Zum Inhalt springen

Mark Z. Jacobson,

Professor of Civil and Environmental Engineering Director, Atmosphere/Energy Program Senior Fellow, Woods Institute for the Environment Senior Fellow, Precourt Institute for Energy Stanford University    Scientific Background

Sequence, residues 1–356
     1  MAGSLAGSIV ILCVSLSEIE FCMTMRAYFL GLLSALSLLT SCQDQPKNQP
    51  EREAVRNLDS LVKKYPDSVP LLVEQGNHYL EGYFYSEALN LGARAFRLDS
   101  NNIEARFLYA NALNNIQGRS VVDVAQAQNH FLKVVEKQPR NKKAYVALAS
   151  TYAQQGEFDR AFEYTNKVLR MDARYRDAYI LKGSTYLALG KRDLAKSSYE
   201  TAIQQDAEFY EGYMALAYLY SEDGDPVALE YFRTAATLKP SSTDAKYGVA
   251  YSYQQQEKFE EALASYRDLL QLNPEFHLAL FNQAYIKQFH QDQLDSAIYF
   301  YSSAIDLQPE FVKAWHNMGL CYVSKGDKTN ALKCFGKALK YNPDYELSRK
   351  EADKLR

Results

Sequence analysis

The main goal of Jacobson's research is to understand better severe atmospheric problems, such as air pollution and global warming, and develop and analyze large-scale clean-renewable energy solutions to them. To address this goal, he has developed and applied numerical solvers and models to simulate air pollution, weather, and climate. In 1993, he developed the world's fastest ordinary differential equation solver for a given level of accuracy at the time and applied it to atmospheric chemistry problems. In 1993-4, he developed the world's first air pollution model that treated two-way feedback to weather and climate of gases and size- and composition-resolved aerosols, and in 2001, the first coupled air-pollution-weather-climate model to telescope from the global to urban scale. Some later versions of the model simulated the evolution of the mixing state of aerosols and clouds and the sub-grid exhaust plumes of all aircraft flights worldwide. Individual solvers he has developed include those for cloud and aerosol coagulation, breakup, condensation/evaporation, freezing, dissolution, chemical equilibrium, and lightning; air-sea exchange; ocean chemistry; greenhouse gas absorption; and surface processes, among others. His research has led to several scientific findings with policy implications. In 2000, he discovered that black carbon, the main component of soot aerosol particles, might be the second-leading cause of global warming in terms of radiative forcing, after carbon dioxide. This result and five subsequent papers provided the original scientific basis for European Parliament Resolution B7-0474/2011 calling for black carbon emission controls on climate grounds (Sep. 14, 2011), the 21-country Climate and Clean Air Coalition to Reduce Short-Lived Climate Pollutants (2012), and five proposed U.S. laws from 2008-2010. His findings that carbon dioxide domes over cities and carbon dioxide buildup since preindustrial times have enhanced air pollution mortality through its feedback to particles and ozone served as a scientific basis for the Environmental Protection Agency's 2009 approval of the first U.S. regulation of carbon dioxide (the California waiver). His groups 2005 development of the world's first wind map based on data alone served as a scientific justification for the wind component of the Repower America and Pickens Plan energy proposals and the siting of several proposed wind farms. He also coauthored the first plan, featured on the cover of Scientific American, to power the world for all purposes with wind, water, and sunlight (WWS). He and his group have further studied the effects absorbing organic aerosols (brown carbon) on UV and visible radiation, aerosols on ozone, winds, and precipitation; biomass burning on climate; hydrogen fuel cell vehicles on air quality and stratospheric ozone; ethanol and diesel vehicles on air quality; agriculture on air pollution; aircraft on climate; urban surfaces on climate; and combining renewable energy on ensuring grid reliability. To date, he has published two textbooks of two editions each, published over 125 peer-reviewed journal articles, and given over 330 invited talks. He has testified three times for the U.S. Congress. Nearly a thousand researchers have used computer models he has developed. In 2005, he received the American Meteorological Society Henry G. Houghton Award for "significant contributions to modeling aerosol chemistry and to understanding the role of soot and other carbon particles on climate." His paper, "Review of energy solutions to global warming, air pollution, and energy security," published in January 2009, is the top all-time-accessed paper as of July 2012 in the journal Energy and Environmental Sciences. He served on the Energy Efficiency and Renewables advisory committee to the U.S. Secretary of Energy. Curriculum Vita